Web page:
around products that have just been added
to a line. If your clients love bargains, make
sure to alert them to special value opportunities.
Hip clients? Choose a hip line.
Luxury-leaning? Go for a classic high-end
brand. If you have a young clientele, infuse
your visual offering with the energy
of bold colors; older people prefer more
subtle palettes. “Get those colors wrong,”
cautions Leon Alexander, “and your clients
simply won’t relate to your brand.”

P&G research crystallizes the importance
of target merchandising. “From years
of testing, we know that a woman shopping a beauty aisle spends an average of three
to five minutes there,” says Moroney. “But
she makes her purchase decision in under 10
seconds! What is she doing for the rest of
the time? She’s deselecting.” The quickest
way for her to zero in on what she wants
is to eliminate what she doesn’t want, he
explains. If she’s looking for a color-protective
conditioner for dry hair, she goes
through the product racks thinking, “Nope,
that’s not what I need,” to every item until
she finds her desired category, and then she
chooses from among the available products
almost instantly.

“The lesson here is that a salon that’s
trying to be all things to all people is making
the client work harder at deselecting
than at shopping,” says Moroney. “From
Barneys to Walgreens, most successful
retailers are laser-focused on who their
customer is.”

A Window into the Consumer Mind
Sophisticated eye-tracking technology helps
manufacturers understand where to place
branding for maximum impact—which encourages
the consumer’s eye to linger and prompts sales.
(Estoterica Salon in Forth Worth, Texas, at left.)

When you fashion your visual cues to appeal
to your key buyer, your look will attract
same-minded clients as well as “wannabes”
who aspire to become that client, according
to Moroney. In addition, by designing
your retail around your best clients, you’ll
keep them invested in your salon.

“The real goal is reselling,” says Alexander.

“If the majority of your business comes from
a regular clientele, you’re in the business of
reselling to them. They purchase a shampoo,
and the next time they come in you introduce
them to the larger size or an accompanying
styling product. Reselling to existing clients
is key to your ongoing success.”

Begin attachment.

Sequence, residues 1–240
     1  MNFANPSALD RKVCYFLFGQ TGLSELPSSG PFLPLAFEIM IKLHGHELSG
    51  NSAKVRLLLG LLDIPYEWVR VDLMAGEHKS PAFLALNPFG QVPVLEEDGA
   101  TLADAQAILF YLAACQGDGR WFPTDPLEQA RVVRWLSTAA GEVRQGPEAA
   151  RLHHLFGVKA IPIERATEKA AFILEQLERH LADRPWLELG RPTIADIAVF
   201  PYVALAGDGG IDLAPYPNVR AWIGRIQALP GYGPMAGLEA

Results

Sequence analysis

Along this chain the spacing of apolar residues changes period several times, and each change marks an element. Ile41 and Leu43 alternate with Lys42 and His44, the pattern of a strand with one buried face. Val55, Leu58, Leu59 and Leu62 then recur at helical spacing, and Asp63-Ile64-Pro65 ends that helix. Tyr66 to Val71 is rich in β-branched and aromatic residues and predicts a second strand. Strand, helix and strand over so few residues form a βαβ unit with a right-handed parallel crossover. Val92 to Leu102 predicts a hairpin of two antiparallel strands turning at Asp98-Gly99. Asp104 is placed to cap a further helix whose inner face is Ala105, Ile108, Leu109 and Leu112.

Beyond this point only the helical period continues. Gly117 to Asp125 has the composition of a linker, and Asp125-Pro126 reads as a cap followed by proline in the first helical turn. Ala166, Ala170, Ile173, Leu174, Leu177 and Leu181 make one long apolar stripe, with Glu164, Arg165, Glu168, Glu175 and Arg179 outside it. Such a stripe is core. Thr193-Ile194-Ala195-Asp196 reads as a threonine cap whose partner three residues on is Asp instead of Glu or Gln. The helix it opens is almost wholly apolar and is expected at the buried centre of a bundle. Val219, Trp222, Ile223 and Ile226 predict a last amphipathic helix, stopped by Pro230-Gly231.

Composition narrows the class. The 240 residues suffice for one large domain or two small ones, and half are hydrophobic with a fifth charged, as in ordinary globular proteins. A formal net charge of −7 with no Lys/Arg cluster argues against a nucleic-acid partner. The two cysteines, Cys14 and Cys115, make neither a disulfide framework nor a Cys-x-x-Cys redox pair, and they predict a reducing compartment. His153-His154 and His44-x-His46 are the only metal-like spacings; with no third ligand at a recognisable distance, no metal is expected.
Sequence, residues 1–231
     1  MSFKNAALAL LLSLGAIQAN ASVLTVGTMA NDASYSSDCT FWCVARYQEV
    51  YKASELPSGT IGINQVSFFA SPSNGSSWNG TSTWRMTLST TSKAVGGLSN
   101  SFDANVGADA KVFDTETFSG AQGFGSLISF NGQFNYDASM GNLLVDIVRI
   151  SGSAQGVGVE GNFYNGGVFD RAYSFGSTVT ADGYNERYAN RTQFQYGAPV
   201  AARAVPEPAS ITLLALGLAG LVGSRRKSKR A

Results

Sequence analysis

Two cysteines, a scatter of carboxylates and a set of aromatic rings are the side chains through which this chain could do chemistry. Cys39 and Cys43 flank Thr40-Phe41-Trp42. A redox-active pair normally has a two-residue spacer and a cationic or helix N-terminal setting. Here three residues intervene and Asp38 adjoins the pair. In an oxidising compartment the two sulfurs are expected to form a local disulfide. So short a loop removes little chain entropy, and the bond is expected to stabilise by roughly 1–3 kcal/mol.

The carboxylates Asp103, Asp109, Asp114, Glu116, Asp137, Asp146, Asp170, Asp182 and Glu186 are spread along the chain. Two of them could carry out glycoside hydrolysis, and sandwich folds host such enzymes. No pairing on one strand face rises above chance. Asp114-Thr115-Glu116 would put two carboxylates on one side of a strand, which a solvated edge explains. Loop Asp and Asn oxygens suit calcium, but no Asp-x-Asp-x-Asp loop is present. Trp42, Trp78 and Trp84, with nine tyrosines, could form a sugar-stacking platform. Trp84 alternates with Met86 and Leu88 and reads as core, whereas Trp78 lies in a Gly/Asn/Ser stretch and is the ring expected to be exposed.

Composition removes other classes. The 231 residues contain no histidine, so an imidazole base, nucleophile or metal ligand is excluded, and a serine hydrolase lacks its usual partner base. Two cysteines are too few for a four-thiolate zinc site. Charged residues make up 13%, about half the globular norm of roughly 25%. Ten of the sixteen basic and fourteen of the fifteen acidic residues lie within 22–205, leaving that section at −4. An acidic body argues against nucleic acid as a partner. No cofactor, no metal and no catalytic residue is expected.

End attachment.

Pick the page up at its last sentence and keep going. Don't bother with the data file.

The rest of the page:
Happier Holidays

Reality check, courtesy of retail design
consultant Peter Millard: “Macy’s and
Neiman Marcus will do a more beautiful
Christmas tree than you can ever do.”
Instead of putting up extravagant Christmas
decorations, which Millard labels “a huge
waste of money,” he suggests fulfilling your
clients’ holiday shopping needs. With that
in mind, what are the best decorations?
Colorful bags.

“Your clients want to see the chic holiday
season,” comments Millard, who frequently
consults for Redken. “Don’t be traditional.
You can do ‘holiday’ with metallics, lime
green and hot magenta instead of classic
red and green. Salons should be decorated
at each work station with beautiful gift bags
stuffed with beautiful tissue. When you
put that on 10 work stations, it looks like
Christmastime, but it’s not just a string of
lights. Display the bags in your window as
well, with low-cost ornaments or unique
holiday balls. Your wholesale florist has
tons of decorative holiday supplies. Or set
up a display with a candle as a gift-with-purchase
or even a purchase-with-purchase,
a concept pioneered by Estee Lauder. You
can charge a small fee for the candle when
purchased with a hair care product.”

Millard further prefers gift bags because
they’re religiously neutral. “Decorating for
Christmas is too specific,” he continues.
“Also, this time of year is less about whether
people celebrate Christmas, Hanukkah or
Kwanza and more about its significance
as a season of generosity and giving. Help
your clients to tap into that, because the
salon is the perfect place to shop for the
people they put off until the last minute,
as well as for major people in their lives
like spouses. Because of the tight economy,
people are combining generosity with practicality.
Make the most of the fact that hair
care products are usable and practical, not
a waste of money. Put up a sign that says:
‘Let us help you with your holiday stress.
We have luxurious necessities!’ Next to it,
place a product bottle and maybe one nonbreakable
Christmas ornament.”

Serious retailing requires continuous shopping, with no breaks. All shelves should be in a line, since the eye loses focus with a break. (Christie & Co. Salon Spa in New York City)

Tell Your Story Visually

Visuals should always tell a story, says
Loew. When his firm works with MAC
Cosmetics, for example, his goal is to visually
feed the image that MAC already has
established with its customers. “As much
as you can tell in that initial visual impact
is what I call ‘the story,’” Loew adds.

For a salon, the story can be distinguishing
yourself from other salons or separating
your professional products from drugstore
and department store hair care. Peter Millard
encourages owners to use signage to very
directly make those points. He advises,
“Have a sign that says, ‘Our products heal
your hair, and they aren’t expired. We are
about beauty, not just about profits.’ You
need to spell things out for people.”

People get bored easily, so visual cues
should change quarterly, says Loew. “The
luxury product brands change every season
with new colors,” he says. “If you’re in an
area with distinct seasons, you might change
the products you highlight according to
the humidity factor. When you switch the
products, your story changes.”

A quarterly wise schedule is about right,
agrees Moroney, who cautions owners
not to swap out a display more often than
the average client visit cycle since that’s
wasted effort. Neither should you fret if
your most active guests have more than
one encounter with the same visual. “It
takes people longer than you’d think for
ideas to register in their mind,” Moroney
adds. “They might need to see it twice in
order to remember it.”